ORACLE sets out stall for BDRF research strategy
BDRF has unveiled its research strategy in the above article for Colorectal Disease. The new approach enables us to make the absolute best use of donors’ money on behalf of patients & their families.
Our ORACLE process will drive decisions on which work we support in the coming years, laying the foundation for ‘genuine and integrated patient collaboration in defining and developing future research for bowel disease’. We now have a grant-making framework representing the fusion of patient and professional priorities, making sure we target the most important areas and make meaningful change.
The scope of bowel disease research is incredibly broad. Treatment methods vary from hospital to hospital and even surgeon to surgeon. It can be disorientating, consensus can seem impossible to reach, and charitable funding can seem to fall through the cracks.
BDRF undertook the ORACLE exercise to unite the people living life on the front line. The findings are now available in Colorectal Disease.
The article also describes how ‘traditionally, academics have defined research topics and designed studies without the involvement of those who have direct experience of disease and its treatment.’ In order to have a comprehensive strategic approach it was vital to break down this barrier.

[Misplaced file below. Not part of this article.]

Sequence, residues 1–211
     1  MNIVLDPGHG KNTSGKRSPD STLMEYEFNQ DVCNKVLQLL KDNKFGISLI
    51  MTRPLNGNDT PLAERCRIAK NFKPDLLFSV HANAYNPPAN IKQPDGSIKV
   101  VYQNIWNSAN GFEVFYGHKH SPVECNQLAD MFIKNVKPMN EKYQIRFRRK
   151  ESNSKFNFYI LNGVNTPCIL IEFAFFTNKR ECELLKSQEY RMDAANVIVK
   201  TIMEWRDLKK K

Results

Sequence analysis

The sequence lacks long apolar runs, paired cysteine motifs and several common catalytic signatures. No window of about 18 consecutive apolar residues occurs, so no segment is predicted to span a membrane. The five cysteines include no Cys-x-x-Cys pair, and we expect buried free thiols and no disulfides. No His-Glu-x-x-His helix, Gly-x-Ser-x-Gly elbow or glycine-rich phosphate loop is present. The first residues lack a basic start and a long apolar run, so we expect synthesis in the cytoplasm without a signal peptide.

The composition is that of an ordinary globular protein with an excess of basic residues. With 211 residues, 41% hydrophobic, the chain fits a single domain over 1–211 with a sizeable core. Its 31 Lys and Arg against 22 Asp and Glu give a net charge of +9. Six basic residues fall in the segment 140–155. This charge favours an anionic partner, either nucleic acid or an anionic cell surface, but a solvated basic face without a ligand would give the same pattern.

To achieve this, we took the interaction between patients and doctors outside of a clinical setting, humanising it with informal and personal interaction between participants.
Surgeons present at the events described them as truly eye-opening, and it was striking that patient and professional priorities differed markedly.
Patients particularly identified the ‘need for better information about how to avoid stoma complications, particularly parastomal hernia and to be given to sufficient advice and support on discharge’. Subsequently, one of the trial groups present at the event received a £1,000,000 grant from the NIHR for their work on parastomal hernia prevention.
Having established our research agenda, it’s over to our supporters to ensure these problems are tackled. We have the tools and talent at our disposal to start making a huge difference to the lives of the patients whose priorities our research will focus on. But as the article says – more research is now needed to address those issues. These include treatment of increasingly common polyp cancers we currently know little about, better management of painful and distressing Crohn’s complications, and the urgent need for a standardised approach to rectal cancer biopsies enabling more personalised chemotherapy.
We are on the cusp of vital discoveries and huge leaps forward in treatment. The task now is to fund this work, designed and developed to combat the most urgent issues facing patients and their families.